Wednesday Words: Cones (of Uncertainty), Graffiti for Kids and More

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David McGlynn

Welcome to NewsFeed’s weekly highlight of our vocabulary — including useful, new, hilarious and surprising words (as well as some that are just fun to roll off the old tongue).

Disaster speak: “cone of uncertainty”

The anticipation of Hurricane Irene involved days of news coverage. And that news coverage included many maps and people flailing their arms in front of them, otherwise known as a “weather update.” On those maps was a “cone of uncertainty”—a Beluga-esque blob diving out from the current location of the hurricane—which indicated where the tropical terror might go next.

Good company: There are many fabled, and less threatening, cones. There is Cone of Silence, an inept device used on spy comedy Get Smart to protect secret conversations. In Up, animated dogs use a Cone of Shame for public humiliation (the same medical device real-life dogs wear to prevent licking and scratching while wounds heal). And, of course, Cones of Ice Cream, ideally eaten by Coneheads on Coney Island.

(MORE: How Do Forecasters Predict the Cone of Uncertainty?)

Weirdest back-to-school campaign: giving away “graffiti starter kits”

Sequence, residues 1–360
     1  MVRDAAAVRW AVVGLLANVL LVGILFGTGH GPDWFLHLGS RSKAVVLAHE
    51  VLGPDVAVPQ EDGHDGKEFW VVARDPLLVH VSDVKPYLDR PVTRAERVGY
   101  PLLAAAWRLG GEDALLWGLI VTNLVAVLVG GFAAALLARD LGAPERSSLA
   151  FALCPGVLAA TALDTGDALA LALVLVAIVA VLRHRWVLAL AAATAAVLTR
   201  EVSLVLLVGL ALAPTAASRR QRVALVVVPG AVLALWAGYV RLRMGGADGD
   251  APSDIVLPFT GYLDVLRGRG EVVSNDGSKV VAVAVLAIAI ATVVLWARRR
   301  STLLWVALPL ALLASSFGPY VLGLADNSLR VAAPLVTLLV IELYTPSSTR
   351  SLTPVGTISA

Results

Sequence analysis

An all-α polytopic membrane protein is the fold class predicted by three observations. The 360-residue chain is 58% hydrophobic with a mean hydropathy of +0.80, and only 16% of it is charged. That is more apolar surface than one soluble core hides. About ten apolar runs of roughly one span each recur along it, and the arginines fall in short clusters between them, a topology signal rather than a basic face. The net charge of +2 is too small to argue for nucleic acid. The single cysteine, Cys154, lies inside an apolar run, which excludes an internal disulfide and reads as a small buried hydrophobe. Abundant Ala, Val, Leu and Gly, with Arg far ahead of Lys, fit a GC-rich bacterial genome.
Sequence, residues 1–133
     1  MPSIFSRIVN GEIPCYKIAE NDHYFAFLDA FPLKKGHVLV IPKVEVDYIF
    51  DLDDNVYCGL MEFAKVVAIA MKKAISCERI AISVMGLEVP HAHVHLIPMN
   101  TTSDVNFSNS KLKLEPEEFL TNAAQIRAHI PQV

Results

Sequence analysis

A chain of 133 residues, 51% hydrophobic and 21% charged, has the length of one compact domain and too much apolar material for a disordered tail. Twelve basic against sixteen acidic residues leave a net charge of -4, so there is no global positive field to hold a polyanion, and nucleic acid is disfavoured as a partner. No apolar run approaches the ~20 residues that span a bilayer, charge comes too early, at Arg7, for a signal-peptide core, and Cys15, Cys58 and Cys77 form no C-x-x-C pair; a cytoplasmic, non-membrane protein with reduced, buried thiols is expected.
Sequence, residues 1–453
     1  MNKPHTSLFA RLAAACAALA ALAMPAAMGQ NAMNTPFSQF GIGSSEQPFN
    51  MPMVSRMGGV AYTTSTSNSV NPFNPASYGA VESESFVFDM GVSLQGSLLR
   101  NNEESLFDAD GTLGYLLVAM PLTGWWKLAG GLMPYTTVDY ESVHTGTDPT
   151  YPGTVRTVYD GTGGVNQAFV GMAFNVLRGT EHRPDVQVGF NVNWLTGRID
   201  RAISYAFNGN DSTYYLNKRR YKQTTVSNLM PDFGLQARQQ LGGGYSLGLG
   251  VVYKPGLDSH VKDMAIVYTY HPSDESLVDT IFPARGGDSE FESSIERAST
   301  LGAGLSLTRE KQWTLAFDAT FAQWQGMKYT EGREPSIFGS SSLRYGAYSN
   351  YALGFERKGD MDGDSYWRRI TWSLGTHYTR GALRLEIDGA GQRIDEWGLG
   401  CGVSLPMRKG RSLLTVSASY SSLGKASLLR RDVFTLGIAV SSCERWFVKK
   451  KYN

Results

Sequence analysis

In Los Angeles, so-called “graffiti starter kits”—supplies given away by an art store that sells a book “next level” graffiti techniques—recently made some faces red. Local government folks said the kits encourage another generation to contribute to an “urban plight,” while others said they aid artistic expression. Though it could have be worse (e.g. arson starter kits, Hot-Wiring for Dummies, etc.), the store caved and pulled the promotion.

The roots: The word graffiti is a plural form of graffito—an Italian word that in turn comes from graffio, meaning a scratch. A graffito, according to the OED, is “a drawing or writing scratched on a wall or other surface; a scribbling on an ancient wall, as those at Pompeii and Rome.” So next time you’re being arrested for vandalism, make sure you explain that your spray-paint creations are really just an homage to an age-old Italian tradition.

Savage slang: to murk someone

In a story about cyber-bullying, a mother told an Alabama news station that someone sent her daughter a message on a social-networking site in which they threatened to “murk” her, meaning murder her. (The term can also suggest severe injury.) Though murk could be just a shortened version of “murder,” the slang term oddly reflects the word’s traditional meaning. A “murkful” person is one full of darkness.

Where murkers go: A writer at the Gonzales Inquirer in Texas got punny in a headline about a local prison: “Prisoners chillin’ at county jail with new A/C contract.” (Word.) At the beginning, the writer also does a run-down of slang terms for prison; beyond the obvious joint and slammer were the hoosegow, the clink and the cooler. (You can just imagine what he did with that last one.)

Katy Steinmetz is a reporter at TIME. Find her on Twitter at @KatySteinmetz. You can also continue the discussion on TIME’s Facebook page and on Twitter at @TIME.